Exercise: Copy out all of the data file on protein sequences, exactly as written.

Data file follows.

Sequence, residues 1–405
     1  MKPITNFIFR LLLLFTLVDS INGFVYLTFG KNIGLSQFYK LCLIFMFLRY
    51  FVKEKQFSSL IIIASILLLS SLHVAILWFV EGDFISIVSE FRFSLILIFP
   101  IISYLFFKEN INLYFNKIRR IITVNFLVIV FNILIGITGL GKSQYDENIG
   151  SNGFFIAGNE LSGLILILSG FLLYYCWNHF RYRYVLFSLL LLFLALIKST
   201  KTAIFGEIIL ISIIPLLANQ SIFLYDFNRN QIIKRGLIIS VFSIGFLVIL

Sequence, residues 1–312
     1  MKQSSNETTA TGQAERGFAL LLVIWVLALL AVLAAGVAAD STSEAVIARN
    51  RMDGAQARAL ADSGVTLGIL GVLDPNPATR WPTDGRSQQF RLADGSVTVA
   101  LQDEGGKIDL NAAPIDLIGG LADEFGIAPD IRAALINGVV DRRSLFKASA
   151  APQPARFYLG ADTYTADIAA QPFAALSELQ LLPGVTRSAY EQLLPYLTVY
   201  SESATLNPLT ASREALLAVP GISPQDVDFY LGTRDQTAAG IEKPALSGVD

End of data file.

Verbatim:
Sequence, residues 1–405
     1  MKPITNFIFR LLLLFTLVDS INGFVYLTFG KNIGLSQFYK LCLIFMFLRY
    51  FVKEKQFSSL IIIASILLLS SLHVAILWFV EGDFISIVSE FRFSLILIFP
   101  IISYLFFKEN INLYFNKIRR IITVNFLVIV FNILIGITGL GKSQYDENIG
   151  SNGFFIAGNE LSGLILILSG FLLYYCWNHF RYRYVLFSLL LLFLALIKST
   201  KTAIFGEIIL ISIIPLLANQ SIFLYDFNRN QIIKRGLIIS VFSIGFLVIL

Sequence, residues 1–312
     1  MKQSSNETTA TGQAERGFAL LLVIWVLALL AVLAAGVAAD STSEAVIARN
    51  RMDGAQARAL ADSGVTLGIL GVLDPNPATR WPTDGRSQQF RLADGSVTVA
   101  LQDEGGKIDL NAAPIDLIGG LADEFGIAPD IRAALINGVV DRRSLFKASA
   151  APQPARFYLG ADTYTADIAA QPFAALSELQ LLPGVTRSAY EQLLPYLTVY
   201  SESATLNPLT ASREALLAVP GISPQDVDFY LGTRDQTAAG IEKPALSGVD